From left to right: Luxilon reels, Solinco reels, and all other reels (Head, Kirschbaum, Toalson).

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2017 ITF Pro Circuit Wake Forest Futures at Wake Forest University

The USA F19 Futures, the first of two back-to-back $25,000 ITF Pro Circuit Futures tournaments, is being held at the Wake Forest Tennis Complex this week. As with the previous two years, we are providing the stringing. And already some notable differences are emerging.

The stringing so far is down considerably. Last year we did 22 rackets on site Friday, in advance of the first round of qualifying, and held over 9 rackets to be strung Saturday morning ahead of play. So, 31 total rackets before the first round of qualifying. This year I did only 14 rackets Friday with none held over, and 3 rackets came in Saturday morning for matches. So, 17 total rackets.

2016 Day 2: I strung another 22 rackets. 2017 Day 2: 10 rackets.

So, through the first two days in 2016 our total was 53 rackets. Our two day total for 2017 is just 24 rackets.

In 2016, 15 of 52 players in the first round qualifying had rackets strung on site (29%). This year, a smaller number in a larger draw (13 of 64) had rackets strung for the first round (20%).

The success rates of those who had rackets strung this year is not what it was last year either. In 2016, 11 of the 15 guys who strung for the first round of qualifying won (73%). Only two players who had rackets strung for their matches lost to someone who did not have a racket strung on site.

In 2017, the record of the 13 players who had rackets strung on site for their first matches was 7 wins and 6 losses (54% success rate).

Of course, these are only two data points and even then they only tell part of the story. Players can have their rackets professionally strung at home or off-site, of course. But as someone who believes that stringing matters, I like to see what the data (even if incomplete) show.

One additional variable this year is an increase in our charge for stringing. For the first two years of the tournament, we charged $16 a racket, which I thought was more than fair for the quality of service we provided. Especially hearing players complain about the poor quality of stringing at other Futures events where they were being charged for $20 a racket. In respect of our own time and effort and the quality provided, we went to $20 this year. Once the main draw players arrive, we’ll see how elastic stringing prices are. I hope we didn’t shoot ourselves in the foot economically!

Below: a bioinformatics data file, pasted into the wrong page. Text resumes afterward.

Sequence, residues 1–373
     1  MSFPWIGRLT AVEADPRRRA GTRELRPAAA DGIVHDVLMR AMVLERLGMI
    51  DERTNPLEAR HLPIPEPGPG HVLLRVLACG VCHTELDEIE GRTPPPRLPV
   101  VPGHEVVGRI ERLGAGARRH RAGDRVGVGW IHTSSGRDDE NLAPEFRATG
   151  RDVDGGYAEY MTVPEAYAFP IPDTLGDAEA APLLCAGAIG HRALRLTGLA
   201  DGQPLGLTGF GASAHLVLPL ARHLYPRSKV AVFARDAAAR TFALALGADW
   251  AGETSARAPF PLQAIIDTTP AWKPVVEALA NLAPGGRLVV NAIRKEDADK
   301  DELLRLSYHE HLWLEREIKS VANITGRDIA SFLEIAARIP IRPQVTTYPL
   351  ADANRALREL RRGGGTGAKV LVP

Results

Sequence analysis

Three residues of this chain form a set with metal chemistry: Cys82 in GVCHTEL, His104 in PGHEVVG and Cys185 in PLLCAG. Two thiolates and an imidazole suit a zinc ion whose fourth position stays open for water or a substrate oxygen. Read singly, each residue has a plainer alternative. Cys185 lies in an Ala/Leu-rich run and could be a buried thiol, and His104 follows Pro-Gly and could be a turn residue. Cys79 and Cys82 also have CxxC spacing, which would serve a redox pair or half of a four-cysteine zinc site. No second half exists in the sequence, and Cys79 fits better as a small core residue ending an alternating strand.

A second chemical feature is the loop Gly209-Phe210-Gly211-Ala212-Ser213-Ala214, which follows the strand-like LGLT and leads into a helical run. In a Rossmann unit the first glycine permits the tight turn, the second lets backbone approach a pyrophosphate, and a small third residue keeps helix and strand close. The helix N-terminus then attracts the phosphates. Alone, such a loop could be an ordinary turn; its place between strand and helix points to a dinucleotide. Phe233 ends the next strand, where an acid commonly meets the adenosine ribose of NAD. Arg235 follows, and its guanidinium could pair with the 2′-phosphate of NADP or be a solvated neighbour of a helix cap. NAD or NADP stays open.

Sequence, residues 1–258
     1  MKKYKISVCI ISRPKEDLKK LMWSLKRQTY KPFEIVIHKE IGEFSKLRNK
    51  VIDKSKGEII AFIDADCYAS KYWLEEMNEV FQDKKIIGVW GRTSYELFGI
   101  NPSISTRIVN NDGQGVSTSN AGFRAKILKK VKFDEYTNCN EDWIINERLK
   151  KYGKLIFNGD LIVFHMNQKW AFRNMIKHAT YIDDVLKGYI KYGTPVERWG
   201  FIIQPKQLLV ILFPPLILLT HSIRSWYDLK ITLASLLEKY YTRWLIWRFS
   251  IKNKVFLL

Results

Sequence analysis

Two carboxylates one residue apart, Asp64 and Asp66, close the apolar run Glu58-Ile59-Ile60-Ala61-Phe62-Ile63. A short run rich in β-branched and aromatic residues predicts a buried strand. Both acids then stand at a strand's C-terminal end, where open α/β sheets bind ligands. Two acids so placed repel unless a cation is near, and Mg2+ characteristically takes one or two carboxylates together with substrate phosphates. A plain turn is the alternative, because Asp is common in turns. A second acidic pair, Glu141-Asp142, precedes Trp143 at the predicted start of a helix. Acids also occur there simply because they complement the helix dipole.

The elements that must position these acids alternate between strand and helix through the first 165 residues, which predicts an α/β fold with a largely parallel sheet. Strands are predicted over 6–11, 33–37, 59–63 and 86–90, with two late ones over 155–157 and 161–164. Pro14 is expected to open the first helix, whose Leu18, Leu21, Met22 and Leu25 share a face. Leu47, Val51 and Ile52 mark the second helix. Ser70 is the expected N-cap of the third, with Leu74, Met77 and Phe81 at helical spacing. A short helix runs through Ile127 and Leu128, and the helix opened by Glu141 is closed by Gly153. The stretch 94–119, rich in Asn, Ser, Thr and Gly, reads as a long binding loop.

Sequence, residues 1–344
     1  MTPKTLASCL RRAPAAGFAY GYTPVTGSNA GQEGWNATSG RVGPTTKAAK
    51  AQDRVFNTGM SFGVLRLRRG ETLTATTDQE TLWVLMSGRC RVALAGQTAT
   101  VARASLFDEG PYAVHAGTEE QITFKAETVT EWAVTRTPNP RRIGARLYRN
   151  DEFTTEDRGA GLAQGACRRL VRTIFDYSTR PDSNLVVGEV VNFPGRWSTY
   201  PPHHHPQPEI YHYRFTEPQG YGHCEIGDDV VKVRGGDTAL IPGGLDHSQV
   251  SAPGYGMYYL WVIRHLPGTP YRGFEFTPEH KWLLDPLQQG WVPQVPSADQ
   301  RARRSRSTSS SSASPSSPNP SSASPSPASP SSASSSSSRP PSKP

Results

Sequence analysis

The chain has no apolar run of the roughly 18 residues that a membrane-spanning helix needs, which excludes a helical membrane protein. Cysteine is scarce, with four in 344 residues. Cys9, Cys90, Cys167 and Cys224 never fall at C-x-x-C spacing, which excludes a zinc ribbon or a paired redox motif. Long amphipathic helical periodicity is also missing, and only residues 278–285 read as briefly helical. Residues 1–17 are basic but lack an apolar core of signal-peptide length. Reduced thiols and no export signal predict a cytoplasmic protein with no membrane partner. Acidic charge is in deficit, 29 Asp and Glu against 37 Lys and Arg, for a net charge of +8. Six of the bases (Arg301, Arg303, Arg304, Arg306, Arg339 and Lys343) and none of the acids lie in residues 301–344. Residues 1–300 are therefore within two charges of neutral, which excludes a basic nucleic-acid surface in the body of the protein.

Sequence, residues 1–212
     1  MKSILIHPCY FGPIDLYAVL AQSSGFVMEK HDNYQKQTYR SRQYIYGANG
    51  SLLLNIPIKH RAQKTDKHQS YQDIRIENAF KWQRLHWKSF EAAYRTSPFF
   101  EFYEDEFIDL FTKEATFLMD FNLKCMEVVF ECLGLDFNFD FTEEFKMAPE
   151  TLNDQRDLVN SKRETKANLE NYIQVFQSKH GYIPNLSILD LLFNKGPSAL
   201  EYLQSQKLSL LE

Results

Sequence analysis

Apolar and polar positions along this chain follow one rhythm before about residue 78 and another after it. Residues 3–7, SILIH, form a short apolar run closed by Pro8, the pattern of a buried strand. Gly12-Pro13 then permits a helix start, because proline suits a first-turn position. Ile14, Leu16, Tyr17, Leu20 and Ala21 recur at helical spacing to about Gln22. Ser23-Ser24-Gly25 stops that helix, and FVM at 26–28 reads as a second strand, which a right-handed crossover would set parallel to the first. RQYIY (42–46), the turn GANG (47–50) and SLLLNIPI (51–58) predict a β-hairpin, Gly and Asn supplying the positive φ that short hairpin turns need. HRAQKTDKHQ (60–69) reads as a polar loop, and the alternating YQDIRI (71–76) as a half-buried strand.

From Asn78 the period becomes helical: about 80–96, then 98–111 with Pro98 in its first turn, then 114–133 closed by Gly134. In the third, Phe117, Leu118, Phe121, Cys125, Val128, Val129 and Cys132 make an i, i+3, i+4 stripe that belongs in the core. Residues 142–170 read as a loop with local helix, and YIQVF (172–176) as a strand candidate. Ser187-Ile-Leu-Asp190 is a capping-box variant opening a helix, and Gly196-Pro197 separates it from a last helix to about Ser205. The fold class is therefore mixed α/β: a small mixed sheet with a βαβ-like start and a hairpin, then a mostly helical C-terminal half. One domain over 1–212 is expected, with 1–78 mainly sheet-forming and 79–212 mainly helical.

2016 Big Time Tennis Year in Review

It’s hard to believe that 2016 was the 9th year in business for this hobby-gone-mad, and between racket stringing and customization our busiest year ever.

Thanks largely to our work for the Wake Forest men’s tennis team and professional tournament stringing, we crossed the 2,000 racket threshold for the second time and for the first time since 2013:

  • 2016: 2,095
  • 2015: 1,974
  • 2014: 1,759
  • 2013: 2,149
  • 2012: 1,467
  • 2011: 1,265
  • 2010: 1,171
  • 2009:   750
  • 2008:   251

All told, we’ve strung nearly 13,000 rackets since 2008, in our spare time, which is hard to fathom.

Highlights of the year begin and end with the Wake Forest men winning their first Atlantic Coast Conference championship. So much hard work by so many people went into that championship and we are so proud to have played a part.

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We also did the stringing again for the ITF Pro Circuit Futures of Winston-Salem, which was upgraded to a $25K event for 2016.

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And the ATP World Tour/WTA Tour Citi Open in Washington DC.

tecnifibre-citi-open-2016

Last, we always enjoy working as the part of the MOZI Tennis stringing team at our hometown ATP World Tour Winston-Salem Open. 2016 was special because we were given the responsibility of managing the stringing service.

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We learned recently that the Winston-Salem Open was voted by ATP Tour players as 250 Tournament of the Year!

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In my 2015 Year in Review, I concluded by saying it was hard to imagine 2016 being as great as 2015, but I do believe we were able to exceed our own expectations. I won’t make any predictions or promises for 2017, but just say CHEERS! to a great year.

cheers